One of the world’s oldest examples of a human cancer has been found in Sudan by British-based researchers.
Because cancers are mainly a consequence of pollution, obesity, smoking and longevity (all major features of our modern world), evidence of them is only very rarely found on the skeletons of ancient populations.
From a medical research perspective, the new discovery, dating from 1200 BC, is therefore of considerable scientific significance. It is the oldest proven case of metastatic ("organ-originating") cancer ever found.
“This find is of critical importance, as it allows us to explore possible underlying causes of cancer in ancient populations, before the onset of modernity, and it could provide important new insights into the evolution of cancer in the past,” said the lead researcher, bioarchaeologist Michaela Binder of Durham University.
The ancient cancer discovery and other disease-related finds from the site – Amara West, on the left bank of the Nile in the far north of Sudan – are also revealing the poor general health of the population there at that period, a time of climatic change and environmental stress.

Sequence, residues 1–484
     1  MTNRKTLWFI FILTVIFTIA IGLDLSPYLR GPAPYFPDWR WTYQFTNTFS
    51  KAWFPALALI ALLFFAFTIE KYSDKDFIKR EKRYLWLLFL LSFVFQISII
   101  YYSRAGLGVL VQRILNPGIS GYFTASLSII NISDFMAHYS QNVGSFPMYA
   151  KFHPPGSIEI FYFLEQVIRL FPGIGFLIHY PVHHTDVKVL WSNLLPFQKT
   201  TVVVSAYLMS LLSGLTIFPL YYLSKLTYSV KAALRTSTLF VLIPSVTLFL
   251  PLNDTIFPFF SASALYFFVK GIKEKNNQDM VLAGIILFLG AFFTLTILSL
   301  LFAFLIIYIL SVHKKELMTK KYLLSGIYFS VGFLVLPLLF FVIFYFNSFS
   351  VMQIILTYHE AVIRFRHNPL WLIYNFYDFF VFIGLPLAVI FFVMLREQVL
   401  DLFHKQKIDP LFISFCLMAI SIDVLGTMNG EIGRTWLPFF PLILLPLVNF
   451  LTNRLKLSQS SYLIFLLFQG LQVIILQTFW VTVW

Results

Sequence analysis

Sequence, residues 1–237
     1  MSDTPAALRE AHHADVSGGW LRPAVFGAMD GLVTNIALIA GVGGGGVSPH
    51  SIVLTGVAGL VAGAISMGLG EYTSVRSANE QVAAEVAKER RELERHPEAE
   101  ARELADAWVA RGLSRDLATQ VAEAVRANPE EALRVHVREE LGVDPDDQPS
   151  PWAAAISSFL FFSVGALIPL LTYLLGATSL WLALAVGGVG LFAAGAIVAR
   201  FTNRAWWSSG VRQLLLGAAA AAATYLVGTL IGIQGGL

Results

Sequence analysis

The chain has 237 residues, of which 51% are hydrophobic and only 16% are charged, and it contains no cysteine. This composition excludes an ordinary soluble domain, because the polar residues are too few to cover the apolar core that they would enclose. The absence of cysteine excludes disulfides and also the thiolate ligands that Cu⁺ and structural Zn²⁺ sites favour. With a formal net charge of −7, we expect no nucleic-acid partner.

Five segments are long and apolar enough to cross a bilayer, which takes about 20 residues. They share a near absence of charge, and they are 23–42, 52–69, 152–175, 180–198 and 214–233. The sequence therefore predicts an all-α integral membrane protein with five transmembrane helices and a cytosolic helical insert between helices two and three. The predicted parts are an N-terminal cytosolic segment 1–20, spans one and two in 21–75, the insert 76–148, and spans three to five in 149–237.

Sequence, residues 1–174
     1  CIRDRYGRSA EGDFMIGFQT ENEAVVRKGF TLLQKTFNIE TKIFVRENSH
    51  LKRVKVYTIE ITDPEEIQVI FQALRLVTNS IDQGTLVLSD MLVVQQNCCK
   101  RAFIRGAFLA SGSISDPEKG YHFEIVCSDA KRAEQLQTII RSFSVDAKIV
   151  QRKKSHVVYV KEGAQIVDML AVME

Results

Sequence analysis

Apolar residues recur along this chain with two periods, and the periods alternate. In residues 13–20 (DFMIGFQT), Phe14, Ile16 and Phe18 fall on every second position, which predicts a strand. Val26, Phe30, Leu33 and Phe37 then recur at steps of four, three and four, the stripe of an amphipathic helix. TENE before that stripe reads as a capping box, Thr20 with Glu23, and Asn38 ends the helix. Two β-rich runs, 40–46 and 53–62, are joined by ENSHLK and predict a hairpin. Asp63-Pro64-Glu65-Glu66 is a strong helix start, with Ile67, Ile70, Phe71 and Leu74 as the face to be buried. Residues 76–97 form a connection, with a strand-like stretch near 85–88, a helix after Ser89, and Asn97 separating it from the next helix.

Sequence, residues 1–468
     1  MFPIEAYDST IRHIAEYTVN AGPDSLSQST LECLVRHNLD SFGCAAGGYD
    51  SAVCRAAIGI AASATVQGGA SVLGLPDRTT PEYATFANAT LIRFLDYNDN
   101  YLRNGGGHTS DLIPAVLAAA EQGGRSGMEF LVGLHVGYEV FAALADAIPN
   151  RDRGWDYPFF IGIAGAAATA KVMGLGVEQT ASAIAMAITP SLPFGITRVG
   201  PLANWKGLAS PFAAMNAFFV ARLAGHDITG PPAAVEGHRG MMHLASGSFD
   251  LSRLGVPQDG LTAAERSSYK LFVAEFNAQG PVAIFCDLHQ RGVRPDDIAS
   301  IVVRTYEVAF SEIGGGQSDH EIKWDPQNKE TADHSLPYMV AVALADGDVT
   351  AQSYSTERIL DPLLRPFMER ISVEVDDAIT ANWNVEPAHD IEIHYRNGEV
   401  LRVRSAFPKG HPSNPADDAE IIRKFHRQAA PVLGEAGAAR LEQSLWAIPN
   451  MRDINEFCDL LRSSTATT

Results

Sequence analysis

Of the 180 skeletons examined by the British team, a quarter had chronic lung disease, all had often severe dental disease, at least half had various unidentifiable infectious diseases – and 75 per cent died before the age of 35. What’s more, half the individuals had sustained fractures, often multiple ones, to their bones – and some 20 per cent of the children probably had scurvy.
The individual who died of cancer was a young man aged between 25 and 35. As well as suffering cancerous damage to his pelvis, ribs, spine, shoulder blades, breast bone and collar bones, he also had severe tooth decay and chronic sinusitis.
Buried in a painted wooden coffin, he was accompanied to the next world by a model scarab beetle made of blue faience – and supplies of food (placed in several still surviving pottery vessels). His cancer may have been caused by an infection, potentially something like the predominantly African parasitic water-borne worm disease bilharzia, or by wood smoke from hearths in small poorly ventilated houses.
The research into the 180 skeletons from Amara West has been carried out by Michaela Binder of Durham University, as part of a detailed archaeological research project on the ancient settlement and landscape of Amara West, led by Dr. Neal Spencer, Keeper of the British Museum’s Department of Ancient Egypt and Sudan.
A full account of the cancer discovery has just been published by the free access online science journal, PLOS ONE.